Jus­tice De­part­ment in­ves­ti­gates

Of­fi­cials in­ves­ti­gate treat­ment of LGBT Ge­or­gia in­mates

GA Voice - - Front Page - By PA­TRICK SAUN­DERS psaun­ders@the­gavoice.com Ge­or­gia Voice will fol­low up with any de­vel­op­ments in the Jus­tice De­part­ment and U.S. At­tor­ney’s Of­fice in­ves­ti­ga­tion.

The U.S. De­part­ment of Jus­tice, in con­junc­tion with the U.S. At­tor­ney’s Of­fice, has opened up an in­ves­ti­ga­tion into the Ge­or­gia De­part­ment of Cor­rec­tions’ (GDC) treat­ment of LGBT pris­on­ers. The in­ves­ti­ga­tion fol­lows the high pro­file case of for­mer in­mate Ash­ley Diamond, a trans­gen­der woman who filed a fed­eral law­suit against the GDC last year al­leg­ing she had been de­nied med­i­cal treat­ment for gen­der dys­pho­ria and had been sex­u­ally as­saulted by other in­mates.

Diamond’s case at­tracted in­ter­na­tional at­ten­tion, in­clud­ing a court fil­ing in sup­port of her by the Jus­tice De­part­ment and pub­lic out­cry. Diamond, who was rep­re­sented by the South­ern Poverty Law Cen­ter (SPLC), was granted early re­lease last Au­gust and the par­ties reached an undis­closed fi­nan­cial set­tle­ment in Fe­bru­ary of this year.

In the wake of Diamond’s law­suit, the GDC also re­scinded its “freeze frame” pol­icy that pre­vented many trans­gen­der in­mates from re­ceiv­ing hor­mone ther­apy, adopted a sex­ual as­sault pre­ven­tion pol­icy that’s more in line with fed­eral stan­dards and started train­ing prison staffers on the health and safety needs of trans­gen­der in­mates.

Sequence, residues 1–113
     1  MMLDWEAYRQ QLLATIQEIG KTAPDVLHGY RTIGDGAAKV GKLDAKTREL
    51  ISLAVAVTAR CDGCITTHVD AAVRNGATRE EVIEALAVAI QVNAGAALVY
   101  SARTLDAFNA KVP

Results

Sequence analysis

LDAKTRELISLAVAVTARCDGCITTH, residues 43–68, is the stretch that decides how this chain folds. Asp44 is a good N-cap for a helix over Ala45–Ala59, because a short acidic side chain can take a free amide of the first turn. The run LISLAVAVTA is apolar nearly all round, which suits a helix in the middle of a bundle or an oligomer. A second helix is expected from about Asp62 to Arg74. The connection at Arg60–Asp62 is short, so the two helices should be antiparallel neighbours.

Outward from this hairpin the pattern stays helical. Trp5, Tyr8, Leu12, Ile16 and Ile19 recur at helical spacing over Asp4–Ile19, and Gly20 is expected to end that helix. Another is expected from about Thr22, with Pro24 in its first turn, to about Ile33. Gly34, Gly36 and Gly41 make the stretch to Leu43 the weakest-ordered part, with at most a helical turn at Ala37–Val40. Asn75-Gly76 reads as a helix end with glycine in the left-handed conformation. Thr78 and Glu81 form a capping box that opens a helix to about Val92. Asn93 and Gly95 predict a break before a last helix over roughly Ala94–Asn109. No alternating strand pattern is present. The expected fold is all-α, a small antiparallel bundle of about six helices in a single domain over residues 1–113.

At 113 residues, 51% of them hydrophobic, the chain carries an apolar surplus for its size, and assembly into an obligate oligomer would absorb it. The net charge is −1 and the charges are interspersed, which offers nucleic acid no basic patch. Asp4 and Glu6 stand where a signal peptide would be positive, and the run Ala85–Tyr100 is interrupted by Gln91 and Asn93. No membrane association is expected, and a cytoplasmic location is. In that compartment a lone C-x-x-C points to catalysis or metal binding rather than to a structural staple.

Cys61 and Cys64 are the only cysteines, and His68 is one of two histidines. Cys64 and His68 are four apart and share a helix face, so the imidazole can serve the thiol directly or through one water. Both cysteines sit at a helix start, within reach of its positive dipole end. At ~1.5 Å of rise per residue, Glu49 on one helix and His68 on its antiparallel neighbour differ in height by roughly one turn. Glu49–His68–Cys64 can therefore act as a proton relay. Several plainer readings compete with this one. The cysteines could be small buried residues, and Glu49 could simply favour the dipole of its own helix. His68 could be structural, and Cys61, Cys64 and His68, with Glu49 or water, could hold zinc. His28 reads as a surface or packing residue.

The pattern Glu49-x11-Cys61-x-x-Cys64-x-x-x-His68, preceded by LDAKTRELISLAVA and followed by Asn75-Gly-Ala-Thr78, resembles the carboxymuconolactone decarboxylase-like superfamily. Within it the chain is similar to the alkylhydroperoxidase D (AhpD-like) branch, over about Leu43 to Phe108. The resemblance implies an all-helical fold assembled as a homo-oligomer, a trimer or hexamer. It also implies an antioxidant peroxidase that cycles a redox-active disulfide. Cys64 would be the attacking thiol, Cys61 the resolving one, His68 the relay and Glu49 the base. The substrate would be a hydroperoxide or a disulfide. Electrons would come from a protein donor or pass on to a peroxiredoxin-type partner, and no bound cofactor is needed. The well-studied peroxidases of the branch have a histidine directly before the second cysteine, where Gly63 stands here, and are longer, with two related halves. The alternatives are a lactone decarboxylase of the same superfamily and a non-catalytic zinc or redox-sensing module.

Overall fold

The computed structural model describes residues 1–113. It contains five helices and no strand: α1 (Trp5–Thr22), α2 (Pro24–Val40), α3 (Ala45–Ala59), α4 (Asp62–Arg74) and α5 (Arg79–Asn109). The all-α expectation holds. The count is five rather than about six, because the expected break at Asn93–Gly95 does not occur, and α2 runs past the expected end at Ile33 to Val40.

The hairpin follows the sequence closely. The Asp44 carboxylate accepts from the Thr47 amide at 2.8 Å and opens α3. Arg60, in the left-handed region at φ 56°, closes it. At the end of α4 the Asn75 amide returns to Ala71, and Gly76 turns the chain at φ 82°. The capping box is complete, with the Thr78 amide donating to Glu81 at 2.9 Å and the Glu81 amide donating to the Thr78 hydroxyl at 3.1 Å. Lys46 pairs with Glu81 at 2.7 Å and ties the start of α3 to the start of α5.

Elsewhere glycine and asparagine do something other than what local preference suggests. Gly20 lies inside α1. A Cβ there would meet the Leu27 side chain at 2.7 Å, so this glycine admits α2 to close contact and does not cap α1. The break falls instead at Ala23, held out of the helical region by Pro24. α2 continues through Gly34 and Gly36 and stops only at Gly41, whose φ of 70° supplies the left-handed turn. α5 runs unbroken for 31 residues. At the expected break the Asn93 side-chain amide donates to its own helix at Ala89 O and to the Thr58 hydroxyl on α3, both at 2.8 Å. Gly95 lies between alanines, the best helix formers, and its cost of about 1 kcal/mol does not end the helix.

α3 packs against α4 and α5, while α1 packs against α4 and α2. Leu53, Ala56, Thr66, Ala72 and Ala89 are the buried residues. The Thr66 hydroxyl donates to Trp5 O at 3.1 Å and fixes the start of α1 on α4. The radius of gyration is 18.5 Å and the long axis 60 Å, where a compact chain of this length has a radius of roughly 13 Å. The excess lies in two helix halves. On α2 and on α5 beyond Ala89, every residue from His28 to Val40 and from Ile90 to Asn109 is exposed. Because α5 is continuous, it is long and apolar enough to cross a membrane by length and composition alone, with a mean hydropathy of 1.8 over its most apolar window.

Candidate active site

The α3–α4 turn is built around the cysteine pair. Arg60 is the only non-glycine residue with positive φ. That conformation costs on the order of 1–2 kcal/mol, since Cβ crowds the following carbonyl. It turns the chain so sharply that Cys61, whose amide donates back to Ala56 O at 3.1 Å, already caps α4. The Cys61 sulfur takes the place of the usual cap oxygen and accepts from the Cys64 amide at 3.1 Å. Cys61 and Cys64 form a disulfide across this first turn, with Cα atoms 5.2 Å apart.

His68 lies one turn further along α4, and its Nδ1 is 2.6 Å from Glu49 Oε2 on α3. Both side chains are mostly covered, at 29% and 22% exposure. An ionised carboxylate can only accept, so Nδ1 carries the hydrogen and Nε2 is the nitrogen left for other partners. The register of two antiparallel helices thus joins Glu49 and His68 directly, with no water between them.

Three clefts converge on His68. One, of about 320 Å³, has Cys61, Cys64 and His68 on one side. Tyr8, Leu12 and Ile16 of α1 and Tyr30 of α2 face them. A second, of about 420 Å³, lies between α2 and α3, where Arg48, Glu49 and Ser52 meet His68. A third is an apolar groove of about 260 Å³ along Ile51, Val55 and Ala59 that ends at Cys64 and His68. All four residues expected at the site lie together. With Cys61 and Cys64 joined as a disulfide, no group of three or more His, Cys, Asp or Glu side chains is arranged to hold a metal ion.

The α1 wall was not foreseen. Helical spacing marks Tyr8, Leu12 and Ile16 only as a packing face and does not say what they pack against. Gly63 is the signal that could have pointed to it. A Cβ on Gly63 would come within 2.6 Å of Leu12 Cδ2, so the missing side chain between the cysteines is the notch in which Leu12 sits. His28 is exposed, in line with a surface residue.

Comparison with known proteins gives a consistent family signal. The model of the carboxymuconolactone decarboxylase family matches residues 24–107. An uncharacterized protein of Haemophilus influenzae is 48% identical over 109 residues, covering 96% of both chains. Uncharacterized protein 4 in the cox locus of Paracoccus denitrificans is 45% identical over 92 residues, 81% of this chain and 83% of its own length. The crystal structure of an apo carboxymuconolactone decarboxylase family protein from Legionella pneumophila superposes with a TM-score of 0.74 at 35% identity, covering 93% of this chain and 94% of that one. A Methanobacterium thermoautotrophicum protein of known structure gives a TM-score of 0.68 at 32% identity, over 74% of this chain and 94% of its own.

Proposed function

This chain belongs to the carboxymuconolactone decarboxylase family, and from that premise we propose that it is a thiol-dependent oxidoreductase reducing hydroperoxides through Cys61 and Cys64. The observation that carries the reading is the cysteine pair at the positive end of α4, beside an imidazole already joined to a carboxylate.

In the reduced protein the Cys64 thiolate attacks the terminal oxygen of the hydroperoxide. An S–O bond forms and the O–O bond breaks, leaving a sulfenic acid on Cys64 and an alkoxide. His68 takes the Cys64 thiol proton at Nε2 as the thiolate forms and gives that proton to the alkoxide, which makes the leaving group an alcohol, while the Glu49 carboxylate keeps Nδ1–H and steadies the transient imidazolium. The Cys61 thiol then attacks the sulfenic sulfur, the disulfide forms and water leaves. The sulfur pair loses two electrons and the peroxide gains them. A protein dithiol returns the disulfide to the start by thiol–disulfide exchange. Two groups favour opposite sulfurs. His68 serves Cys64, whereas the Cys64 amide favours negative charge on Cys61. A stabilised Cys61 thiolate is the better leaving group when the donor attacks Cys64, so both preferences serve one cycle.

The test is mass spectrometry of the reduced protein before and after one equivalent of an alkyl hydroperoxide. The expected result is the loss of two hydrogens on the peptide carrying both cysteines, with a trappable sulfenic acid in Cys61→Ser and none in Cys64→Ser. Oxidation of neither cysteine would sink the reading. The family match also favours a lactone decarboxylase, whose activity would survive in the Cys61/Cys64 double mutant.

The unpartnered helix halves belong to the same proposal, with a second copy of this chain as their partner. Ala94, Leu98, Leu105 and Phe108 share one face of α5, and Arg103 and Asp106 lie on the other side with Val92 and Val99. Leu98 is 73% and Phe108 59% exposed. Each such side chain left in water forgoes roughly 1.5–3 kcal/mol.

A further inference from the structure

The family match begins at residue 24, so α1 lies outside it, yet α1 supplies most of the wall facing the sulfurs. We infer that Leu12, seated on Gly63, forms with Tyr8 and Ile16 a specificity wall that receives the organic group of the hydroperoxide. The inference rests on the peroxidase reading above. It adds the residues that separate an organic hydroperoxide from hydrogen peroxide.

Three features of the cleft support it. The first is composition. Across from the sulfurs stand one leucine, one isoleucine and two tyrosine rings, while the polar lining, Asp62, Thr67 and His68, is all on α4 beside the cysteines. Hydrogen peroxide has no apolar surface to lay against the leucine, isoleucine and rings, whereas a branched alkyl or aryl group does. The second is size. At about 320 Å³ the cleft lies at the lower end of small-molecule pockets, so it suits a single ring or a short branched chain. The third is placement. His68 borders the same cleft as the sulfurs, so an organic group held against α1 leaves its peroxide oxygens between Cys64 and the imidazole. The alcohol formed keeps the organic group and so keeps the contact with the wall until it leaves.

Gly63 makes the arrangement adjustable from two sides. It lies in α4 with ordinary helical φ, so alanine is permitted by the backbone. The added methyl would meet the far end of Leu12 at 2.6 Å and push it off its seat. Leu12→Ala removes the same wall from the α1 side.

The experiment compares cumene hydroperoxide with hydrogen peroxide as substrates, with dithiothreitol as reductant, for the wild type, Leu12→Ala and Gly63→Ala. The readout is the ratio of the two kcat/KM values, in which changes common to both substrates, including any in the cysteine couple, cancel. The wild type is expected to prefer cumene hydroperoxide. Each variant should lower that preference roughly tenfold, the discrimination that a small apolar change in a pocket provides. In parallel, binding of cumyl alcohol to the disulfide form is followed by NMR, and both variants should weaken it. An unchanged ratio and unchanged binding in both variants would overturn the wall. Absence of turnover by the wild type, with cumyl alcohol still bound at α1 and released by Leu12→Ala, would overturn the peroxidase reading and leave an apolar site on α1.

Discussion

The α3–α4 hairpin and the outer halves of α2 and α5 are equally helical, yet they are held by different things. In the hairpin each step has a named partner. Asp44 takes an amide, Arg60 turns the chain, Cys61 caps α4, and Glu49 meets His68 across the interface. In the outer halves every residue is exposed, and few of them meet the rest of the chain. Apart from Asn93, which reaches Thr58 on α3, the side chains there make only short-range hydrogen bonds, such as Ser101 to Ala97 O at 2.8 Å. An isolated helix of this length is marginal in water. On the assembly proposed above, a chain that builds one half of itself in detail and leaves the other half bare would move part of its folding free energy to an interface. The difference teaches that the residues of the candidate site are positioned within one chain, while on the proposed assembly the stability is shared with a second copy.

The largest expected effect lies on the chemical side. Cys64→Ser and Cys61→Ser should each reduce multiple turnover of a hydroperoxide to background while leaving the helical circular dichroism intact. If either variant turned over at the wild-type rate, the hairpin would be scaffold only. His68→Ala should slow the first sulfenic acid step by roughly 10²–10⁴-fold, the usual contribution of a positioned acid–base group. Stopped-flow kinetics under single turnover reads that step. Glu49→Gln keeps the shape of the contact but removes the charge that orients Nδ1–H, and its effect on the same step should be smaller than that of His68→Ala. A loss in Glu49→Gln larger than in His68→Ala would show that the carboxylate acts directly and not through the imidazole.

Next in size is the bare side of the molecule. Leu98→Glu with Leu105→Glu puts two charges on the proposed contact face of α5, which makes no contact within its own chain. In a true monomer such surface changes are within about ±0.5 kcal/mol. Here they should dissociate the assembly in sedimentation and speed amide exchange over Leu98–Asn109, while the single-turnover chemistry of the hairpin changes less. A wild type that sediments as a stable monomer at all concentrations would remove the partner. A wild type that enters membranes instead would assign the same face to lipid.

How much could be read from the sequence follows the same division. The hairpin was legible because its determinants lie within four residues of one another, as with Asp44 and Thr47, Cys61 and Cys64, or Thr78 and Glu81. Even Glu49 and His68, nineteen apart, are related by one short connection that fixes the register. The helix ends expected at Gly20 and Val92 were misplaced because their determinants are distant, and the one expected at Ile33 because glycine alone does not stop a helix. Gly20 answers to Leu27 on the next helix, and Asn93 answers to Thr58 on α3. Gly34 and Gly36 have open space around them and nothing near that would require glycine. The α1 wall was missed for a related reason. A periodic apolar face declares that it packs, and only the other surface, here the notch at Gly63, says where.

The Jus­tice De­part­ment in­ves­ti­ga­tion is be­lieved to be the first of theirs ever to fo­cus on LGBT pris­on­ers. And while the U.S. At­tor­ney’s Of­fice wouldn’t draw a link be­tween Diamond’s case and the in­ves­ti­ga­tion, it ap­pears to be one more domino to fall af­ter that in­ci­dent.

“While our law­suit has done an im­por­tant part of the work of mak­ing con­di­tions in Ge­or­gia safer for pris­on­ers, the De­part­ment of Jus­tice is go­ing in be­hind us with a fo­cus specif­i­cally on safety and hous­ing is­sues with re­spect to that com­mu­nity, and sex­ual vic­tim­iza­tion risk,” said Chinyere Ezie, Diamond’s at­tor­ney at the SPLC.

Al­le­ga­tions of abuse reached ‘crit­i­cal mass’

John Horn, U.S. At­tor­ney for the North- ern District of Ge­or­gia, tells Ge­or­gia Voice that the in­ves­ti­ga­tion is be­ing con­ducted jointly by their of­fice and the Civil Rights Divi­sion of the Jus­tice De­part­ment.

“Es­sen­tially we’re look­ing at po­ten­tial vi­o­la­tions of the Civil Rights of In­sti­tu­tion­al­ized Per­sons Act (CRIPA), which deals with the con­sti­tu­tional rights of pris­on­ers in in­sti­tu­tions like pris­ons,” said Horn, who couldn’t go into specifics of the in­ves­ti­ga­tion but added, “What we can say is that we have re­ceived some com­plaints re­lat­ing to al­le­ga­tions of abuse in Ge­or­gia pris­ons. When we reach crit­i­cal mass, we de­cide to open up an in­ves­ti­ga­tion.”

The in­ves­ti­ga­tion is cur­rently in the fact-find- ing stage (i.e. fairly early) and there is no timetable on how long it will take to com­plete.